“Kelly Greenberg is the benchmark I judge all my assistant coaches by,” Gibbons said. “I have nothing but the highest praise for her in all areas of what she did and what she continues to do.”
At Penn, Greenberg went 84-54 and twice reached the NCAA Tournament. Mike Mahoney, the school’s director of athletic communications, said, “Kelly was well-liked here at Penn by her colleagues and her players, and her teams were successful. Her record speaks for itself.”
But her coaching style came under fire during the 2006-07 season, when her record regressed from 18-12 to 15-15, despite the return of 12 letter winners. Most of Greenberg’s players and their parents complained to Lynch that she engaged in unwarranted personal attacks that served more to defeat the players as individuals than improve their value to the team or community.
“She brought us down so much that the only thing we could do was try to bring each other back up,” Schulz said. “You had to make sure the negativity didn’t ruin your life.”
Schulz, in a letter asking the NCAA to waive a requirement that she sit out a season at Niagara after she transferred, indicated her problems with Greenberg began when she was falsely suspected of plagiarism in a medical anthropology class the summer before her freshman season. Schulz said three weeks passed before a teammate admitted stealing Schulz’s final paper from Schulz’s computer and submitting it.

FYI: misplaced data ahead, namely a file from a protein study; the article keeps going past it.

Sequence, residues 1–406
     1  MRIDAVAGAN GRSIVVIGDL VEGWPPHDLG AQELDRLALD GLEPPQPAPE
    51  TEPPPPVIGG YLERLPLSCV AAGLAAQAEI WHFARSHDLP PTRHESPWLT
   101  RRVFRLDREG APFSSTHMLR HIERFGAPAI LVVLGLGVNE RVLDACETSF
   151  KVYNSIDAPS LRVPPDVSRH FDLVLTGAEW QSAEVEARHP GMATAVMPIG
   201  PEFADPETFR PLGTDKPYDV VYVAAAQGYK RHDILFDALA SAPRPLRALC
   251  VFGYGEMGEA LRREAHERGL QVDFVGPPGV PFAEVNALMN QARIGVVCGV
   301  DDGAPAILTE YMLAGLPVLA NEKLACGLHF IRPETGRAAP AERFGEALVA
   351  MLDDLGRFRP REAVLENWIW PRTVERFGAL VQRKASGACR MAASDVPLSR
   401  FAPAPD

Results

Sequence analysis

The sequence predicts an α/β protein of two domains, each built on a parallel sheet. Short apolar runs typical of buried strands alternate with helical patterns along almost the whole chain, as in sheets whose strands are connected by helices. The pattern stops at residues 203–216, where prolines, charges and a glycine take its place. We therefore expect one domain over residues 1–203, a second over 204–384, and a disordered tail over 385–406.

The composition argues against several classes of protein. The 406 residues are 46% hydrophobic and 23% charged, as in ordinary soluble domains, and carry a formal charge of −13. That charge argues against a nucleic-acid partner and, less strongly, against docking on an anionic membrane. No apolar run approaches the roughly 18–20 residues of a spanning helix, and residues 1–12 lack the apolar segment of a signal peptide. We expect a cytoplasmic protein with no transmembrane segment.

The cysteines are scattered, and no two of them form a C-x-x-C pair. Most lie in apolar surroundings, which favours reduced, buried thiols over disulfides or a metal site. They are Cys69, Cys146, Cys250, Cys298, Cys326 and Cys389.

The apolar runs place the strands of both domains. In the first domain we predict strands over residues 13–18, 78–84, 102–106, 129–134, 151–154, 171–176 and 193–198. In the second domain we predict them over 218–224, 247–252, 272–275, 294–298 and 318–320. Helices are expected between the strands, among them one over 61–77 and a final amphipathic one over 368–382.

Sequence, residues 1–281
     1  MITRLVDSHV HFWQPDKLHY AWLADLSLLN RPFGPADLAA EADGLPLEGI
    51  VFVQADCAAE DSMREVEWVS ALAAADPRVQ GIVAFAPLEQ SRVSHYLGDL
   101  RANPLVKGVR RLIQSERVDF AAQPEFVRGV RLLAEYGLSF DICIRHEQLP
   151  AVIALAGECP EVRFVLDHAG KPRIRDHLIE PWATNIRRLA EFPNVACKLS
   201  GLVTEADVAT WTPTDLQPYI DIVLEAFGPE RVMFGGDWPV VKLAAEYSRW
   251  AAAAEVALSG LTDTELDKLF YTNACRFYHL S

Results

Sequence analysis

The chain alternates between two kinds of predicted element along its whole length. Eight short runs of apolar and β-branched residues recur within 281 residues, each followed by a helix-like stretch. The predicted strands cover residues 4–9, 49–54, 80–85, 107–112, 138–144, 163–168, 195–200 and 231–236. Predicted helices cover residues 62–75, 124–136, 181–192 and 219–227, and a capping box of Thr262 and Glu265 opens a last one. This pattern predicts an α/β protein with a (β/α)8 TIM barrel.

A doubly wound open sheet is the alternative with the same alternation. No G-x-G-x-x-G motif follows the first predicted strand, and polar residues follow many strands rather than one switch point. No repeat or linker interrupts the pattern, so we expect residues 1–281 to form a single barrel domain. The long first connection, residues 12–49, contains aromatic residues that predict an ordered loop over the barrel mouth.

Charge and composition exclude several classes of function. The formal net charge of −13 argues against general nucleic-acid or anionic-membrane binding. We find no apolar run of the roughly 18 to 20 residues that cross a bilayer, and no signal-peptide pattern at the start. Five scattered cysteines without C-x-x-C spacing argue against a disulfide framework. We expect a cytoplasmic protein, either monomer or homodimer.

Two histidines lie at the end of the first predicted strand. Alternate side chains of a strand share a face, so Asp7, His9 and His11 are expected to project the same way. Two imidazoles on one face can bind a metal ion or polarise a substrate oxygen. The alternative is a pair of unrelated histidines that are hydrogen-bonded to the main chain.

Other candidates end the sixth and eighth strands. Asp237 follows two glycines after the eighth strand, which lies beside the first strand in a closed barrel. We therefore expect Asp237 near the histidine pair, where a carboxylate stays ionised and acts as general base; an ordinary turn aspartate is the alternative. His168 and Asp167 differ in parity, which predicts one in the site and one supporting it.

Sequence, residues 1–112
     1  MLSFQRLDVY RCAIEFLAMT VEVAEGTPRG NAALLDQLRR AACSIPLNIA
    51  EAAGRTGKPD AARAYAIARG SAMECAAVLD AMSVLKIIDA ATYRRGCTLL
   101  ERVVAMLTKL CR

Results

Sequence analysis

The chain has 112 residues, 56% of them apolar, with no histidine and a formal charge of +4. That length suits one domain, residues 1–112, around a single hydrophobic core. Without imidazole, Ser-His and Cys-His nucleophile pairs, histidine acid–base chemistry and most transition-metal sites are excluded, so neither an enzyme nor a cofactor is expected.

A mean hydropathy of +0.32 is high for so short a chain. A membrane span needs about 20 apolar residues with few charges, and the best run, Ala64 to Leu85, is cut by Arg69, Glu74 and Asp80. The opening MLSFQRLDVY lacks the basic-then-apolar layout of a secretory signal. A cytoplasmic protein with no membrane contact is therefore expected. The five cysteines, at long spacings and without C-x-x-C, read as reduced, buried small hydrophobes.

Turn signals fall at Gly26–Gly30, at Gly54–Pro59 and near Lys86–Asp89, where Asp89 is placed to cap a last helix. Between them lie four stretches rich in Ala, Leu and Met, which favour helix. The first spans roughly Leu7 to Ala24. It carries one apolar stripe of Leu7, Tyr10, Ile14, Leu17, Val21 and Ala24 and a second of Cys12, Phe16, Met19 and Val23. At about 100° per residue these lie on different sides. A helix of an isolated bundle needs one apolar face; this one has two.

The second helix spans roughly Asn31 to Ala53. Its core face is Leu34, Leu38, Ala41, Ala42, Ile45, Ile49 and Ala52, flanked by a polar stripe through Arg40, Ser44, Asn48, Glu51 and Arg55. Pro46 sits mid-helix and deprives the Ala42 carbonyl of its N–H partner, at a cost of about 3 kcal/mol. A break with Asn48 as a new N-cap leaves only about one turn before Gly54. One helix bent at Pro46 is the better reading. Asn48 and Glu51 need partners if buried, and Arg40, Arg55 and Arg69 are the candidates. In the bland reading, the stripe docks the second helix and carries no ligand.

While Schulz remained under suspicion and denied committing plagiarism, she said, Greenberg told her, “I can’t believe you would accuse your teammate of doing this.” She said Greenberg later chided her for “not being there” for her teammate and for “turning her in.”
“Her behavior went from friendly and supportive to cruel,” Schulz wrote to the NCAA, which granted her waiver request.
Schulz’s situation further deteriorated when she suffered a head injury in practice. Three days later, her roommate rushed her to Boston Medical Center, where she was examined for the first time since the injury by a physician and diagnosed with a second-degree concussion.
Schulz and BU officials differ on the next phase of her case. She alleges the medical staff cleared her to play without following the required protocol by administering a test to evaluate whether a player has fully recovered from a concussion - an important step in preventing the potentially serious consequences of “second impact syndrome.”
BU stated in a letter to the Schulzes that the staff conducted the test before clearing her, although there is no indication of it in medical records that Schulz provided the Globe.
As it turned out, Schulz soon suffered a second concussion. She said a team doctor expected her to play again in a week, but when she suffered persistent headaches, blurred vision, and attention deficit, her parents recommended she see a neurologist near her home in Ohio.
At that, Schulz said, Greenberg told her to act like an adult and criticized her for allowing her parents to interfere.
The neurologist, Dr. Warren Selman, advised Schulz to sit out the rest of the season, a recommendation later endorsed by Neal McGrath, a clinical neuropsychologist to whom Schulz was referred by BU.
“Given that she appears to have sustained a second concussion before her first concussion was fully recovered, [Schulz’s] persisting symptoms are not unusual,” McGrath wrote in his evaluation.